Unfortunately, in the case of political destruction, things have gotten worse. Extremism has obliterated the middle ground; the kind of compromise exemplified by Tom Foley and his GOP opponents in his time has become lethal to those who would even suggest such approaches today. That has done severe damage to the country. The hard-liners on the right are willing to take that risk, to push the U.S. over the brink into financial humiliation simply because they have not gotten their way on Obamacare after losing in the congressional and judicial channels outlined by our founders.

They nearly succeeded in gravely harming the nation. It was only at the last moments that they were thwarted, crushed by a public that was shaken out of its doldrums to heap scorn on these ravagers. Even worse, in spite of the overwhelming disapproval of their fellow citizens, they’ve made it clear that they’re going to try to wreak their havoc again, in a few months, when time runs out on the timid agreements that just barely pulled us back from the precipice.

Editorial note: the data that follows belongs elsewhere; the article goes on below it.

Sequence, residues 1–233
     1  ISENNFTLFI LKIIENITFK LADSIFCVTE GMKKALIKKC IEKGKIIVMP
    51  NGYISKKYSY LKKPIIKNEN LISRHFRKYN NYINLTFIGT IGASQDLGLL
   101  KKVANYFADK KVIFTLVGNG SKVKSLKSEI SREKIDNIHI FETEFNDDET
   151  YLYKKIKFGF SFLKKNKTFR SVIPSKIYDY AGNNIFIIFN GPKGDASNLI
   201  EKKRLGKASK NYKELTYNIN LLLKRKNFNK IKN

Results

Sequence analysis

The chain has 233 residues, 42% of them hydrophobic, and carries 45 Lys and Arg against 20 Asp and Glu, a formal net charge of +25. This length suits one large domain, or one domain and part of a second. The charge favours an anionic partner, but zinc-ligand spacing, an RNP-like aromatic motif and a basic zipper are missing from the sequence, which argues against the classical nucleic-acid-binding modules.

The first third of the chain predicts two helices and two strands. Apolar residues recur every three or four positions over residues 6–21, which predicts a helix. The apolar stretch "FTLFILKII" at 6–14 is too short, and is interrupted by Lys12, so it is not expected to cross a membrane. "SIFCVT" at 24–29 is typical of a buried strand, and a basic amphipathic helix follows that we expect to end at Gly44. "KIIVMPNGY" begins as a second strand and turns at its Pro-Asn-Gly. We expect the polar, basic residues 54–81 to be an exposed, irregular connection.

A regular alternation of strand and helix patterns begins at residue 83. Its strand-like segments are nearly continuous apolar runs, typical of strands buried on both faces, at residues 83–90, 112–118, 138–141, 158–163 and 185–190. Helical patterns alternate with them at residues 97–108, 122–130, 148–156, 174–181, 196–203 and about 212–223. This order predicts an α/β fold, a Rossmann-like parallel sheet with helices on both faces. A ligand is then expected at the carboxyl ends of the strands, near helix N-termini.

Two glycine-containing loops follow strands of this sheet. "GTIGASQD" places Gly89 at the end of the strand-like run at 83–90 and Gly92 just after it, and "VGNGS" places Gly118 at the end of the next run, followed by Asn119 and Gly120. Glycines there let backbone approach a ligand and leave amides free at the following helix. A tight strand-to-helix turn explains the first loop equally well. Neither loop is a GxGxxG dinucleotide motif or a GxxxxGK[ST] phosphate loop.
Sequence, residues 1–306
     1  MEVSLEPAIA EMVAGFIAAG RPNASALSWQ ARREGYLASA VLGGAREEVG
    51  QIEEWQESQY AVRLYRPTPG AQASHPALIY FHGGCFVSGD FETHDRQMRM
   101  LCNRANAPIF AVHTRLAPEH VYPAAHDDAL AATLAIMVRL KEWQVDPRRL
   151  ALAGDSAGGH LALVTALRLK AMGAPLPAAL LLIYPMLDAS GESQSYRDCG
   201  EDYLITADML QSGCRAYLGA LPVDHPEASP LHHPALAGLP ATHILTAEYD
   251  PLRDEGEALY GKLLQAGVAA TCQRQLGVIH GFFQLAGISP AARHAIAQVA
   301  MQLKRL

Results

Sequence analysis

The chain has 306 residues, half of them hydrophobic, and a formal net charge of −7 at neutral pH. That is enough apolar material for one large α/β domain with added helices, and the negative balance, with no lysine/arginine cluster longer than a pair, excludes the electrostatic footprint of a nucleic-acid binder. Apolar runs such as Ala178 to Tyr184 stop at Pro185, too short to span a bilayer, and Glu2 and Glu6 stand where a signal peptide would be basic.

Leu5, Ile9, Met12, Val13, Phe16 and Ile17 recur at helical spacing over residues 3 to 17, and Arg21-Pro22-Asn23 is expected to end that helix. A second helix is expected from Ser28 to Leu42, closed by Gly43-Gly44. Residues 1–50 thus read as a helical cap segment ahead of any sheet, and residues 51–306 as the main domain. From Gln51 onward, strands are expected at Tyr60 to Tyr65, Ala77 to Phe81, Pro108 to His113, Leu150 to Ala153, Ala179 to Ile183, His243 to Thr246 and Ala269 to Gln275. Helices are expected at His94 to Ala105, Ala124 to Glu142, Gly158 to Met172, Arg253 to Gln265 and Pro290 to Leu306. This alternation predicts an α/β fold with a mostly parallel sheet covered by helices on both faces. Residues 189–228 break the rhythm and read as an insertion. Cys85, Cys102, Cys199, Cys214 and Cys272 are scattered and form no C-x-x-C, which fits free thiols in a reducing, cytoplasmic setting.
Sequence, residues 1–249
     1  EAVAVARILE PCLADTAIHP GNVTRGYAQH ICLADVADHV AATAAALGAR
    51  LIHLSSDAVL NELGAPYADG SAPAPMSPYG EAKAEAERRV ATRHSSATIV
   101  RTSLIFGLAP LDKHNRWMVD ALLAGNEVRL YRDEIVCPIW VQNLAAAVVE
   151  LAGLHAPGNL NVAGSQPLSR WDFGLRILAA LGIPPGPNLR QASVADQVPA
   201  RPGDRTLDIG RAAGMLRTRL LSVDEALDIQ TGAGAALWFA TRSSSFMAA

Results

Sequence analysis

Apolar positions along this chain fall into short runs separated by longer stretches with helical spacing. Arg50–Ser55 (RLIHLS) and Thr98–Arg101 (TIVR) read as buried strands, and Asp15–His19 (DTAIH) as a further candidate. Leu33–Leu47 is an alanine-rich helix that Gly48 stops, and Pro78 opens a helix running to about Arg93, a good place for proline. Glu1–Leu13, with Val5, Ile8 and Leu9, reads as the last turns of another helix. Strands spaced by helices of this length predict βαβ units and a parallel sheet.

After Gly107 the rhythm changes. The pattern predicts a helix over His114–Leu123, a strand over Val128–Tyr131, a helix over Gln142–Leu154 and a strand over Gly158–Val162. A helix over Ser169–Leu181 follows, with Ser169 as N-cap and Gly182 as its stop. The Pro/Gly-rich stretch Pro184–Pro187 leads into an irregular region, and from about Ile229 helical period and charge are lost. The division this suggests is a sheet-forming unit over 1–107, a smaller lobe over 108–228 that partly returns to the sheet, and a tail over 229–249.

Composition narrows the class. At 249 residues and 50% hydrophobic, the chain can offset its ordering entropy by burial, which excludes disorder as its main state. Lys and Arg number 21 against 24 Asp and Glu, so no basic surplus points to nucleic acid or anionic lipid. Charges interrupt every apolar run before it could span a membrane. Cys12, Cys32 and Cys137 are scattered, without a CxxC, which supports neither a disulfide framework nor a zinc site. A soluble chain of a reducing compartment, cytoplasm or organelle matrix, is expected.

Their obsession with destroying Barack Obama’s presidency by gutting his signature health-care reform is foolish given the evidence that those trying to implement it are doing a pretty good job themselves. Now that we’re not distracted by the outrageous 2013 government shutdown and debt-ceiling brinksmanship, we are able to focus on the appalling way that the Affordable Care Act has gotten started. To put it bluntly, it is a huge mess. We’re not talking about the “glitches” the president said we could expect; we’re seeing a setup that is so overwhelmed, the program is near paralysis. It isn’t working, and the administration leaders who were supposed to oversee the beginnings should be ashamed of themselves.

Performance like that is just another contribution to the erosion of faith in our system. We’re precariously balanced, just like that rock formation in Utah. The last thing we need in either case is mindlessness, carelessness or vandalism.